Tag Archive for Tools

Exploring SQL Prompt 6.5

010The SQL Prompt Team has been working hard at the Redgate campus in England, and they have out done themselves yet again with their latest release, SQL Prompt 6.5. I’m extra excited about this release, due to the fact that several of the features I’ve been wanting for a while are available this time around. In this post, I’m going to go over my top three favorite new features.

Tab Coloring

I was so happy to see this feature move from the Experimental Lab List to the Feature List. It was like watching Pinocchio become a real boy. Not only does this feature behave the way it did when it was on the Experimental Lab List, but they added some additional cool features to it.

So what does it do for you? It colors the tabs of each query window based on environment settings that you set up. You’re probably thinking, “Yeah, Mickey, but SSMS already does that in the status bar for me.” Well, the Tab Coloring in SQL Prompt is way better. Here is why.

I rarely look at the status bar, but I’m always looking at the top 20% of the screen, so for me, a very visual person, having the color in that top 20% of the screen is much more effective. SQL Prompt provides that for me, by coloring the tab of the query window and adding a line of the same color below the status bar. If you undock the query window, then the whole window is outlined in the tab color.



You can create as many environments as you want and you can pick any color…or shade of color that you want. This was one of the improvements to Tab Coloring from when it existed in the Experimental Lab list.

To modify the environments, follow these steps:

  1. Go to the SQL Prompt menu and select Options.
  2. Select Colors from the Tabs list on the left hand side.
  3. Click on the Edit Environments button in the bottom right hand corner, under the table.
  4. Add or modify an environment.
  5. Click on a color to modify the color to meet your needs.
  6. Apply these environments to the servers they represent on the previous window.



I’m notorious for saving stored procedures in the Master database in development. To help prevent this, I can set up a Tab Color for a specific database on a specific server. For me, that would be the Master database in dev. I love this!

To do this, follow these steps.

  1. Go to the SQL Prompt menu and select Options.
  2. Select Colors from Tab list on the left hand side.
  3. Click on the Add Server/Database link in the table.
  4. Add a Server Name in the first column.
  5. Add a Database Name in the second column.
  6. Select an Environment for the color in the third column.


Note: In the above example, all three colors are for the same server. This means that when the data is not Utility or Master, then the tab coloring will be green…even for new databases on that server.

In Tab History, you can see which environment each query ran on last. In the example below, I can see that I ran SQLQuery6 in the Master database on SQLDemoMonkey. I know this due to the fact I set up a database specific Tab Color for the Master Database on SQLDemoMonkey. (I guess I should go make sure I didn’t create a stored procedure in that database.)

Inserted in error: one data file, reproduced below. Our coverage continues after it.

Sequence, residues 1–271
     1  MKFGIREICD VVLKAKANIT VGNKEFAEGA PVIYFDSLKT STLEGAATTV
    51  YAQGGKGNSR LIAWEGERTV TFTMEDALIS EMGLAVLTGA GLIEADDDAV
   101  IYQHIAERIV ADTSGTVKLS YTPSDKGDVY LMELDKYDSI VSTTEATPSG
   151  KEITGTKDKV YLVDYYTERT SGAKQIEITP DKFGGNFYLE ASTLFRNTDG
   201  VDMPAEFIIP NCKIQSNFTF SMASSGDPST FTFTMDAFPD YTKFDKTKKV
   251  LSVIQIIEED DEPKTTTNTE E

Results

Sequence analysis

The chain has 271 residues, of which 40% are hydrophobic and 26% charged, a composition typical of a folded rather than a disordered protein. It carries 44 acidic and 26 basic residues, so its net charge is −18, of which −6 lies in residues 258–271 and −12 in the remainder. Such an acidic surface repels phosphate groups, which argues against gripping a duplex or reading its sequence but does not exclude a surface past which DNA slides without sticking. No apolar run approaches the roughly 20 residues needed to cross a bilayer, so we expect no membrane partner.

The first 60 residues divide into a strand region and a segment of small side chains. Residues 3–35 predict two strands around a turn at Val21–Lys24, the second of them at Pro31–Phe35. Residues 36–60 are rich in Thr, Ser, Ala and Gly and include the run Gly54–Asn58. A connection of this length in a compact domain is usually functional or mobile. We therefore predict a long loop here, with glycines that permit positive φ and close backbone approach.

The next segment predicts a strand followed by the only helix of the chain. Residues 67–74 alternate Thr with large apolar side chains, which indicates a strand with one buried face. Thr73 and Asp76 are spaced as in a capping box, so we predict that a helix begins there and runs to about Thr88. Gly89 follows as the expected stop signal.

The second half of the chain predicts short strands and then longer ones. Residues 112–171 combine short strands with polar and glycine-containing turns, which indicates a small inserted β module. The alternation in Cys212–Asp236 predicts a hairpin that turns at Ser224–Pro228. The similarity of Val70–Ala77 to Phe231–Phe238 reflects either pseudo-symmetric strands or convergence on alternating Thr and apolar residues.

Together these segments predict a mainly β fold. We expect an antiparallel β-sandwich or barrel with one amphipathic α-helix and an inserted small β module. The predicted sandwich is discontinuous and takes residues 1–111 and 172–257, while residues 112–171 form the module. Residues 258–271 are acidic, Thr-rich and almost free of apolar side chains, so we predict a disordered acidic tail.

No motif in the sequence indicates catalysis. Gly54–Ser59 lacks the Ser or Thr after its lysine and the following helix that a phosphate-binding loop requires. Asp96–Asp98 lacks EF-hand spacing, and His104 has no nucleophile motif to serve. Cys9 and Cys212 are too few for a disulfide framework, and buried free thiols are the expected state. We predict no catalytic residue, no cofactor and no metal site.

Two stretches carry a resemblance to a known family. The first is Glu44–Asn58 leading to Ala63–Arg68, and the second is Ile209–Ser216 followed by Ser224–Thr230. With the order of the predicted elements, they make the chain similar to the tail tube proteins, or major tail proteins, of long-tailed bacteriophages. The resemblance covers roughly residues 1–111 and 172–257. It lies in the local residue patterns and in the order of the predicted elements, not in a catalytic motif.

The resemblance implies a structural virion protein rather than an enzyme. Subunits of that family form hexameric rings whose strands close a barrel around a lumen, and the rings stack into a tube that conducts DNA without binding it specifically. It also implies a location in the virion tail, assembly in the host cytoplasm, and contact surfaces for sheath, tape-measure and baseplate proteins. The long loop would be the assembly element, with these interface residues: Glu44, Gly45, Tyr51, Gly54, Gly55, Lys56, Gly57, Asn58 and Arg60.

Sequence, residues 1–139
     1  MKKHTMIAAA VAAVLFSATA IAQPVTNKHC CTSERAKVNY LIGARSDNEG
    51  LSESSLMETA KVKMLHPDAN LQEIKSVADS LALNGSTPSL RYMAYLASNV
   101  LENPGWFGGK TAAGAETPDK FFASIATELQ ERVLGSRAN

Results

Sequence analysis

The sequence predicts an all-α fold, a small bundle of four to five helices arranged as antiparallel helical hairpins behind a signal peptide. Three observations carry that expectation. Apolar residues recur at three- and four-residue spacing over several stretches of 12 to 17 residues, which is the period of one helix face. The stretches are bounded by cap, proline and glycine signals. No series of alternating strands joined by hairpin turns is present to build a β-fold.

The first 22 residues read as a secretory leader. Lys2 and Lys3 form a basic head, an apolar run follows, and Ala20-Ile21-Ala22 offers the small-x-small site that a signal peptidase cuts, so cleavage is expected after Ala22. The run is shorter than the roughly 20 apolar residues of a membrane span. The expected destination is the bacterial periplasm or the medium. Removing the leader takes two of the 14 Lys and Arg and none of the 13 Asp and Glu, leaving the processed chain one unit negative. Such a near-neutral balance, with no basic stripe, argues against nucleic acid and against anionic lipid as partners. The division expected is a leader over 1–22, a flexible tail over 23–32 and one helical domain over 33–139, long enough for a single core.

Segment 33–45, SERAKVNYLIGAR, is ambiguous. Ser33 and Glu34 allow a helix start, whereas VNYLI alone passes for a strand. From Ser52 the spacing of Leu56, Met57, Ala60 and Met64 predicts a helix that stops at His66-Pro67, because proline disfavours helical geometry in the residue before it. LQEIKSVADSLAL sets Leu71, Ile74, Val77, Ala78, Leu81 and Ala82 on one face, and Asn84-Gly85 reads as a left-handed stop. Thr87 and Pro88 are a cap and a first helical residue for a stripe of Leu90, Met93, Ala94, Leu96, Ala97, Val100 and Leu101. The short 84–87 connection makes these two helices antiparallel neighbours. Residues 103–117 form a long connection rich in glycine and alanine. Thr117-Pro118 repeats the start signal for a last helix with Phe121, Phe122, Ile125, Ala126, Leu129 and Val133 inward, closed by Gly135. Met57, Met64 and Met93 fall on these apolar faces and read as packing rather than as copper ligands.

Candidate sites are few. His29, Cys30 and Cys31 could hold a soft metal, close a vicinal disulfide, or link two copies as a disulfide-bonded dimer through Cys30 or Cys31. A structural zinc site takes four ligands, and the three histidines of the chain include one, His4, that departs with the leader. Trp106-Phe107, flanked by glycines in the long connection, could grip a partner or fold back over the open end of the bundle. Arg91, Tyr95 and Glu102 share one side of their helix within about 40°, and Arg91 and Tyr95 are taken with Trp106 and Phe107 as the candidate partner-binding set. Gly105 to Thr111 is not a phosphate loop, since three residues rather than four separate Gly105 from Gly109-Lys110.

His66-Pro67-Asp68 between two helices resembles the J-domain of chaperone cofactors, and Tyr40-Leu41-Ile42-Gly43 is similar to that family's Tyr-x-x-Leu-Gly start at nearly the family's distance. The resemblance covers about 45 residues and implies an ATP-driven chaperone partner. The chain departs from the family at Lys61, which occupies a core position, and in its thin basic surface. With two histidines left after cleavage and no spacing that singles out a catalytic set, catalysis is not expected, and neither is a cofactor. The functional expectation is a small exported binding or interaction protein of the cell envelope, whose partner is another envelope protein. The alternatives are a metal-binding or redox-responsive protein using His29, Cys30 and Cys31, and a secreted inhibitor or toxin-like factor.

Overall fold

Intelligent Intellisense for GROUP BY

One of the boring tasks for writing a GROUP BY statement, is re-writing all the columns that you already wrote in the SELECT section of your query. Many times, I’ll copy what I wrote in the SELECT section and paste it under GROUP BY …but then the list still requires editing. Not any more. SQL Prompt now provides an intelligent intellisense for GROUP BY. Take a look:




In this query I used Ctrl + to get the intellisense to pop up for my GROUP BY. At the top of the list, there is a shortcut for having all the non-aggregated columns inserted for you. Also notice that RequestType from line 42, is not listed at the top of the intellisense box, because it is an aggregated field.

Format Actions and <ctrl> + k, <ctrl> + y

I wrote a post, back in July of 2014, about SQL Prompt formatting shortcuts.  I wrote:

As a power user, my key strokes will look like this when I use them all at once: + bw, bq, bc, ky and finally + e to execute my code. Here is an example of how an ugly duckling turns into a beautiful swan by applying all of these hot keys at one time.

That long list of key strokes is now obsolete. (And there was much rejoicing). I now can select from a list of formatting options that will be applied with only the Ctrl + K, Ctrl + Y shortcut. This is so much easier!

To modify the list of formatting options, follow these steps.

  1. Go to the SQL Prompt menu and select Options.
  2. Select Actions under the Format list on the left.




It’s  A Wrap

I only listed three of the new features that SQL Prompt 6.5 has. I encourage you to take a look at the Release Notes for the full list. If you don’t have SQL Prompt, then download a free 14 day trial here. If you already have SQL Prompt, then you can go to the SQL Prompt/Help/Check For Updates menu item to get the latest version.

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